Take the 2-minute tour ×
Stack Overflow is a question and answer site for professional and enthusiast programmers. It's 100% free, no registration required.

Consider the following script:

class Test:
    def __init__(self):
        i = 0
        def foo():
            global i
            i += 1
        print i

t = Test()

#Traceback (most recent call last):
#  File "test.py", line 11, in <module>
#    t = Test()
#  File "test.py", line 8, in __init__
#    foo()
#  File "test.py", line 7, in foo
#    i += 1
#NameError: global name 'i' is not defined

What am I doing wrong? Is my only option to declare i as self.i and del self.i it at the end of __init__()? (Omitting the global keyword yields an UnboundLocalError.)

share|improve this question
what are you trying to achieve? –  vartec Apr 17 '12 at 15:05
Please explain the reason for doing it. This will help us to give better solutions –  Abhijit Apr 17 '12 at 15:06
add comment

2 Answers 2

up vote 4 down vote accepted

You need the nonlocal statement instead of global.

i is clearly not global, but it is also not local to foo. It is local to __init__. Thus, in order to access it, declare it nonlocal.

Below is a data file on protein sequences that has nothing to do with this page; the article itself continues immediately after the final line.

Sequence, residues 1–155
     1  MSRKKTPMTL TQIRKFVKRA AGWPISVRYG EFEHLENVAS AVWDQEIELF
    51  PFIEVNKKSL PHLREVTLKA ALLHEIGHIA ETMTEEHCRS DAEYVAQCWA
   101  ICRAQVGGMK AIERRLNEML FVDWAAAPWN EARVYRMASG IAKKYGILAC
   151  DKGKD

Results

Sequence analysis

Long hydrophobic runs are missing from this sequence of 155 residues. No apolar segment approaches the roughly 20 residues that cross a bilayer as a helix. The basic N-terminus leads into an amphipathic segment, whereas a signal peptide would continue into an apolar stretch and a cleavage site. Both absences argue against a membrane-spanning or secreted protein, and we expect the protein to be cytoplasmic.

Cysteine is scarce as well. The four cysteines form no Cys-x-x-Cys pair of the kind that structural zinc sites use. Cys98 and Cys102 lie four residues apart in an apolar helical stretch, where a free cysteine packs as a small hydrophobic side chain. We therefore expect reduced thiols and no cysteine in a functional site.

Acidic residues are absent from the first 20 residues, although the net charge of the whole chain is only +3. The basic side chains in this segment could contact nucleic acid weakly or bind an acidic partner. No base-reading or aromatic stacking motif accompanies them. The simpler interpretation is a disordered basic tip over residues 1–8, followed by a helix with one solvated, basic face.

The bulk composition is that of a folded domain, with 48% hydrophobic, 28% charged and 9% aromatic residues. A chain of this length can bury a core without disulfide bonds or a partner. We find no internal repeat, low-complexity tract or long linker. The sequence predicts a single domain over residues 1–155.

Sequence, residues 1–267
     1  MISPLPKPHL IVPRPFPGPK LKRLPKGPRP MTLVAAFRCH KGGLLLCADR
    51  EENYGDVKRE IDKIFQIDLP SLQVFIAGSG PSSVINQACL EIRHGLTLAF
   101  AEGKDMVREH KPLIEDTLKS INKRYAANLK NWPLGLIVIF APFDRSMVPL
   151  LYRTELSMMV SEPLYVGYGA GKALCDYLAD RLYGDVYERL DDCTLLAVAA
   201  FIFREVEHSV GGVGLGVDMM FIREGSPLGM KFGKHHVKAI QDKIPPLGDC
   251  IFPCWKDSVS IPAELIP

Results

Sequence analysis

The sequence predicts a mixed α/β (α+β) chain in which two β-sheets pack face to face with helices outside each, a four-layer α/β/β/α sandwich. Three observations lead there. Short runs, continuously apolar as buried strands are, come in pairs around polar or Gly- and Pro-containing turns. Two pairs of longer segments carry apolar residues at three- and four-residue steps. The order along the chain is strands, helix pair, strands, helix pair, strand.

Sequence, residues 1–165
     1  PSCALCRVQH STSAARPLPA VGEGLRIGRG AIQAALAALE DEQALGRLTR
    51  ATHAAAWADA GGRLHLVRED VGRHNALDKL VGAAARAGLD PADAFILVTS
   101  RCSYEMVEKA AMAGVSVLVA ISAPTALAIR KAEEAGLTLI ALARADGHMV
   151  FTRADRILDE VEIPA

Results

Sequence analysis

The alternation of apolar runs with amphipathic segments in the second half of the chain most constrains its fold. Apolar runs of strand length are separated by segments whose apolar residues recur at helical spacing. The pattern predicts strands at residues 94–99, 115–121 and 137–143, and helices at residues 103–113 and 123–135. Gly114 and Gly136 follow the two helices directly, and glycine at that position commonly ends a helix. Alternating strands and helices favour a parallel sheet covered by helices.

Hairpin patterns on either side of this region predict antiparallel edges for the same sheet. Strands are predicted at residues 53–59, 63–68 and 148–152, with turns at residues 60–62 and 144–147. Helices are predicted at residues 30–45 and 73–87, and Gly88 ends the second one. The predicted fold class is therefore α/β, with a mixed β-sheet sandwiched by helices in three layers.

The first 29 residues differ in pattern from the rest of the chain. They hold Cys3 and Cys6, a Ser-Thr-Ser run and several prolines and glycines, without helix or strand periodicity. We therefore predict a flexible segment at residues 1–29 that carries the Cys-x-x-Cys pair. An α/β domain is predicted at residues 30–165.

Unfortunately, nonlocal ist python3 only. You can simulate it via closure, but that'd get pretty ugly.

share|improve this answer
apparantly nonlocal is only available for Python 3.x , but this was a great search keyword. –  moooeeeep Apr 17 '12 at 15:09
add comment

Here is your work around:

class Test(object):
    def __init__(self):
        i = [0]
        def foo():
            i[0] += 1
        print i[0]

t = Test()

This would be a use case for the nonlocal keyword, instead of global but that is only available as of Python 3.

share|improve this answer
+1 for the Python 2.x workaround. Surprisingly container types are unaffected from this. –  moooeeeep Apr 17 '12 at 15:20
They are affected. What saves you here, is that the scoping rules DO allow READ access. Technically, you do not WRITE to i, you write to i[0]... –  ch3ka Apr 17 '12 at 16:33
Interesting, found this answer to explain this very well. –  moooeeeep Apr 18 '12 at 7:54
add comment

Your Answer


By posting your answer, you agree to the privacy policy and terms of service.

Not the answer you're looking for? Browse other questions tagged or ask your own question.